I realize that I'm a Democrat and have little faith in the honesty and ability of this administration, but I believe that wrong was done here by Scooter Libby and Karl Rove. There isn't a doubt in my mind about it. I also realize that Wilson has taken his 15 minutes of fame and stretched it. Why the hell else would a man like that be in Pocatello, Idaho at Idaho State University on a Tuesday night before a Friday when the vice president's chief-of-staff was indicted for obstruction of justice?

Thursday, October 27, 2005

World Coming to an End? Maybe in 2008...

I attended a speech by Ambassador Joseph Wilson Tuesday night, but I am saving my comments until the indictments come, which I am sure they will. And I really having nothing to post on in my awe over the White Sox sweeping the World Series and Miers withdrawing her nomination to the Supreme Court. Are we sure the world isn't coming to an end? I did get an email today called "Brain Cramps" that had just off the wall comments by several people and one of them scared me slightly: "I'm not going to have some reporters pawing through our papers. We are the president." --Hillary Clinton commenting on the release of subpoenaed documents. Do we want them running the country again?

Tuesday, October 25, 2005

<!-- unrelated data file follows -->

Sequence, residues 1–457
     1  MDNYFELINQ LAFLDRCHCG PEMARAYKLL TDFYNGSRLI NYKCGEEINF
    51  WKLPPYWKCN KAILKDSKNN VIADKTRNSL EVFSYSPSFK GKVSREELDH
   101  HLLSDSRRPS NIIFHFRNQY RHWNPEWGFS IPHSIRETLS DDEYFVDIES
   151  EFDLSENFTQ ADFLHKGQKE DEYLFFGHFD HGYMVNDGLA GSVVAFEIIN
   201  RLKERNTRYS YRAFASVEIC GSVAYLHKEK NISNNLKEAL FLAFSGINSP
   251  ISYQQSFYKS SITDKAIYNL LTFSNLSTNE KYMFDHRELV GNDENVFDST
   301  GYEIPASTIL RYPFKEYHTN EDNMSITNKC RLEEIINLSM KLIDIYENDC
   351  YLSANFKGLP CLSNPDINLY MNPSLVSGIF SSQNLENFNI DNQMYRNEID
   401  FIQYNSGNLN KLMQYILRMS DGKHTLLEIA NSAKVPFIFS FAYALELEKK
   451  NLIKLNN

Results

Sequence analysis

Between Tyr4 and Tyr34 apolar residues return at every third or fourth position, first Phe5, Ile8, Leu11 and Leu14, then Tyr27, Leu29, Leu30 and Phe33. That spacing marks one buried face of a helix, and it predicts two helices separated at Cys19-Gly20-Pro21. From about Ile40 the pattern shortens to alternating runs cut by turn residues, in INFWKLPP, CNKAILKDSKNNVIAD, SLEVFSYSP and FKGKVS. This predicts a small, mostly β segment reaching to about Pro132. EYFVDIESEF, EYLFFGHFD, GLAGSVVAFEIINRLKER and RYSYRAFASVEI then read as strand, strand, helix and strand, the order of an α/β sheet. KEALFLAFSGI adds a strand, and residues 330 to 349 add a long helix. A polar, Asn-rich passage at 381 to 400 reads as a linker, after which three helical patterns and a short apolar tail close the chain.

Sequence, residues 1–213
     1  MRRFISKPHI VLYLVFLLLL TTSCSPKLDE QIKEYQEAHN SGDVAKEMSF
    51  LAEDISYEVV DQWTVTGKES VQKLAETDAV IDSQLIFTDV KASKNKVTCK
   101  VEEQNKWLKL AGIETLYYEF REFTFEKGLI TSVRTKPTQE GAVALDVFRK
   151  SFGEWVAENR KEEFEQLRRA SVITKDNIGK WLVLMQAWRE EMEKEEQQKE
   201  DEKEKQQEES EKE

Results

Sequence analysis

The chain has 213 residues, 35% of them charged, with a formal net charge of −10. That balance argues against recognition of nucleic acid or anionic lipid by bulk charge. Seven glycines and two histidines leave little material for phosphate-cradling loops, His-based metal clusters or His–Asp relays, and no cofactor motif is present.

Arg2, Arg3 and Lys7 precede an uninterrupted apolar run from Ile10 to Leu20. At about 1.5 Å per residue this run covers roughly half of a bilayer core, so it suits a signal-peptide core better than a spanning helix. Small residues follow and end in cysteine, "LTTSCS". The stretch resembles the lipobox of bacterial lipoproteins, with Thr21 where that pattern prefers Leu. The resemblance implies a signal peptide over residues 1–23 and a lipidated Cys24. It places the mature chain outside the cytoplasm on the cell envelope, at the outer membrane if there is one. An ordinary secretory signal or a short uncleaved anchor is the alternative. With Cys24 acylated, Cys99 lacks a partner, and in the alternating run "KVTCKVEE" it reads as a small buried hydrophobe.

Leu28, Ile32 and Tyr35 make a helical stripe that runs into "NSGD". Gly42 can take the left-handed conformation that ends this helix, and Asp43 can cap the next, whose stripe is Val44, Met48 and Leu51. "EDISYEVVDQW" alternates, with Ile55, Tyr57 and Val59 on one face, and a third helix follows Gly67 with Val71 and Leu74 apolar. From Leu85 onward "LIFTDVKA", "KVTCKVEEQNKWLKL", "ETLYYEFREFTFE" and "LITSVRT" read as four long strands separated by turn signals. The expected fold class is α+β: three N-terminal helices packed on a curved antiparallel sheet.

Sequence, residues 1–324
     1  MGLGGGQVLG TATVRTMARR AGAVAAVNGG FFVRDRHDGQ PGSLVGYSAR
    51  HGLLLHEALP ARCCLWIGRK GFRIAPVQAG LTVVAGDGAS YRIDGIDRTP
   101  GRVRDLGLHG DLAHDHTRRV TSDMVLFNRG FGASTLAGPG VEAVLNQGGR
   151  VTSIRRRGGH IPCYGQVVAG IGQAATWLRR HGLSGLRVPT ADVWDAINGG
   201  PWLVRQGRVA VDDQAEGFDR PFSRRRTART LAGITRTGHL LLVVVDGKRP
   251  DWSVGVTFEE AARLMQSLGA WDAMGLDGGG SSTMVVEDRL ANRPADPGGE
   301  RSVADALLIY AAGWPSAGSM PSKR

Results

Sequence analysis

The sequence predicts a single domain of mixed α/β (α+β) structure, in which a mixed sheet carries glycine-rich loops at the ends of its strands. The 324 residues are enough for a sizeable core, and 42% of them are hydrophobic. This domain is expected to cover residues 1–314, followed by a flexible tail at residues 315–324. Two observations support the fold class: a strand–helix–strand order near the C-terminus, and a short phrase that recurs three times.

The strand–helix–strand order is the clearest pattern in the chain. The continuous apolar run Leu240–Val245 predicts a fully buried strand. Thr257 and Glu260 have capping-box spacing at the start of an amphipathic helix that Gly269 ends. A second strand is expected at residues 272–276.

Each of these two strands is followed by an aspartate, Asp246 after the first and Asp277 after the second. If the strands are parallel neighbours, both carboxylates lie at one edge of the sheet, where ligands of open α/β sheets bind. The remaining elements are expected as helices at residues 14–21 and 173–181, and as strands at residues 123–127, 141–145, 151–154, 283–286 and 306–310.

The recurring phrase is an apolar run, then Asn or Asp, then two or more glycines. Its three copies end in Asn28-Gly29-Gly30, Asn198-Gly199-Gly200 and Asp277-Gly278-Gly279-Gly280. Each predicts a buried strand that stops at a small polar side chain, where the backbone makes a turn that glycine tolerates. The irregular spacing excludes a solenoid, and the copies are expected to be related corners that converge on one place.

Rosa Parks: My Hero of All Heroes

"Take advantage of the opportunities, no matter how few there are." --Rosa Parks

When I was a kid when asked who I wanted to be when I grew up more often than not my answer was Rosa Parks. As a kid I didn't understand that Rosa Parks was larger than life, a character I could never become. When all my other friends wanted to be women like Sally Ride and Shannon Miller, women who were currently at the top of their fields, I wanted to be a civil rights icon from a year foreign to me. All I wanted was to hold inside me that type of courage, that type of strength, and that solid recognition of what was right and wrong for the sake of history and an entire race. Not a lot has changed since I was a kid.

This morning when I read that Rosa Parks passed away, I'll be honest with you, I cried. There is this unbelievable respect, admiration, and honor I hold for Rosa Parks and will for the rest of my life.

In my view of history the Civil Rights Movement began December 1, 1955 when an unknown black seamstress refused to move to the back of the bus. In my view of history it was one of the most important events of that era. In my view of history I hold her higher than the likes of Jack and Bobby Kennedy. She never has competition in my mind because she exemplified grace under fire. Even today, fifty years later, people know who Rosa Parks was and they know what she did. Actions do in fact speak louder than words.

Rosa Parks

Monday, October 24, 2005